JERUSALEM, Jan 29 (Reuters) – Tel Aviv shares fell on Sunday with analysts citing investor jitters over planned judiciary changes by Israel’s hard-right government and after a Palestinian gunman killed seven people outside a synagogue on Jerusalem’s outskirts.
The blue-chip Tel Aviv 35 index (.TA35) was 1.% lower in afternoon trade, while the broader TA-125 index (.TA125) dipped 1.7%.
Government bond prices were down as much as 1%. While the currency market is closed on Sunday, the shekel depreciated 2% versus the dollar on Thursday and Friday.
Jonathan Katz, chief economist at Leader Capital Markets, said stocks fell “for the same reason the shekel is weakening – concern regarding the judicial reform”.
Israeli Prime Minister Benjamin Netanyahu’s office declined to comment to Reuters. On Friday, Netanyahu defended his cabinet’s proposed legal shake-up, which seeks stronger political control over bench appointments while weakening the Supreme Court’s ability to rule against legislation or policy.
Critics have said the move will compromise the independence of the judiciary and undermine Israel’s democratic system of checks and balances.
In a meeting with Israeli business people, Netanyahu said the courts would remain independent and that Israel’s robust economy would grow stronger.
However, Uri Levin, chief executive of Israel Discount Bank (DSCT.TA), told Netanyahu that in recent days, foreign banks and investors had been selling State of Israel bonds and shekels, leading to a widening of the yield spread between U.S. and Israeli bonds, a Discount spokesperson confirmed.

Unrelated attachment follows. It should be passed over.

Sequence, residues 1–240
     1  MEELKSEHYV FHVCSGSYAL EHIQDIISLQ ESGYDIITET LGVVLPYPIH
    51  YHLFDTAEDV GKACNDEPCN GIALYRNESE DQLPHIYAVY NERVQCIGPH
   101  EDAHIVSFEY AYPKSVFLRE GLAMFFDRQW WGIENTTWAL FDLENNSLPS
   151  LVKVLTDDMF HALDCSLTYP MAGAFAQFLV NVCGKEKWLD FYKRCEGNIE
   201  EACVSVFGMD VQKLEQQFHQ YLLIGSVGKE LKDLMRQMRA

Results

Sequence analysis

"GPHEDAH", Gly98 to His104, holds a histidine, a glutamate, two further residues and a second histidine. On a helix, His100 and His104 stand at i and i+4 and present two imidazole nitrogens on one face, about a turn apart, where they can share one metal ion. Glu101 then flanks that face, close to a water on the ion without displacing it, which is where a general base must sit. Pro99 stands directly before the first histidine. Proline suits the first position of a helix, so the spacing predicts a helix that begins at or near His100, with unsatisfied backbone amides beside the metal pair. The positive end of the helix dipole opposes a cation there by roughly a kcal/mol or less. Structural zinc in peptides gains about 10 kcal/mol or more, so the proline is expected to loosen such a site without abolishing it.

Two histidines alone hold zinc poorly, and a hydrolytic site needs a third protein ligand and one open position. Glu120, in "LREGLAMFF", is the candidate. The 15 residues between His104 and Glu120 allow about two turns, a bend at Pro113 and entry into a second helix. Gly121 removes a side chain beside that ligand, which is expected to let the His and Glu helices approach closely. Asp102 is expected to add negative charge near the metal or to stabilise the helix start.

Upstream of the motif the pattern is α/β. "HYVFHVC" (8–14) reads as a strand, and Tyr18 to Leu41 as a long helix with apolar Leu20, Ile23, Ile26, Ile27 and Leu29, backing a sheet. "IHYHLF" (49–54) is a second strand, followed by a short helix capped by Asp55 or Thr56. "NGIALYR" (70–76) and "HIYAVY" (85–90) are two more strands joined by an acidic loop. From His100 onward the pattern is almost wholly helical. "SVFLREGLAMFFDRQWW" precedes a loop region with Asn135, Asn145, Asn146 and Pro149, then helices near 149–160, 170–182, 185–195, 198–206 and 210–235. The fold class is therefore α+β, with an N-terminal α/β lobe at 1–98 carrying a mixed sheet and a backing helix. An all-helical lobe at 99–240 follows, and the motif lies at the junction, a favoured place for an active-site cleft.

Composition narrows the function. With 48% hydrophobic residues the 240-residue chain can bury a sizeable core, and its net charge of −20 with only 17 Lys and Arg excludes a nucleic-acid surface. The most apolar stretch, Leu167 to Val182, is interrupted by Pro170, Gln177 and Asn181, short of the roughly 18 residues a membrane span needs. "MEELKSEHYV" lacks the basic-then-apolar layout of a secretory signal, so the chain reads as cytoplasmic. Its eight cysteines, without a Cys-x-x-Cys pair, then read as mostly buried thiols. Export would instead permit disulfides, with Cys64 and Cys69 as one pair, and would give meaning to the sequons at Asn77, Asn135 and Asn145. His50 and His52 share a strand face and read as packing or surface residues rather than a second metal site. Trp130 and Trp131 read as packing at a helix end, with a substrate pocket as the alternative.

Hours later, a Palestinian gunman shot dead seven people outside a synagogue on Jerusalem’s outskirts, and a second shooting attack occurred in the city on Saturday, prompting Netanyahu to promise a “strong, swift and precise” response.
Israel’s military said on Saturday it was sending more troops into the occupied West Bank, where months of worsening clashes resulted in the highest annual death toll, including Palestinian militants and civilians, in 2022 in over a decade.
There was no sign of a large-scale military operation in the works, and Netanyahu said Israel was not seeking an escalation.
“The shootings are just another piece of the puzzle” of negative sentiment in Israel, said Bank Leumi chief economist Gil Bufman, pointing to overall market concerns about a weakening economy, inflation, and a higher budget deficit.
“The question arises as to what the government’s response is going to be?” Bufman said, adding that the judicial changes were also spooking investors.
The planned overhaul has brought tens of thousands onto the streets of Tel Aviv and other cities, and economists have urged Netanyahu to reconsider on fear the changes will politicise the judiciary and erode its independence.
Reporting by Steven Scheer and Maayan Lubell; editing by Mark Heinrich
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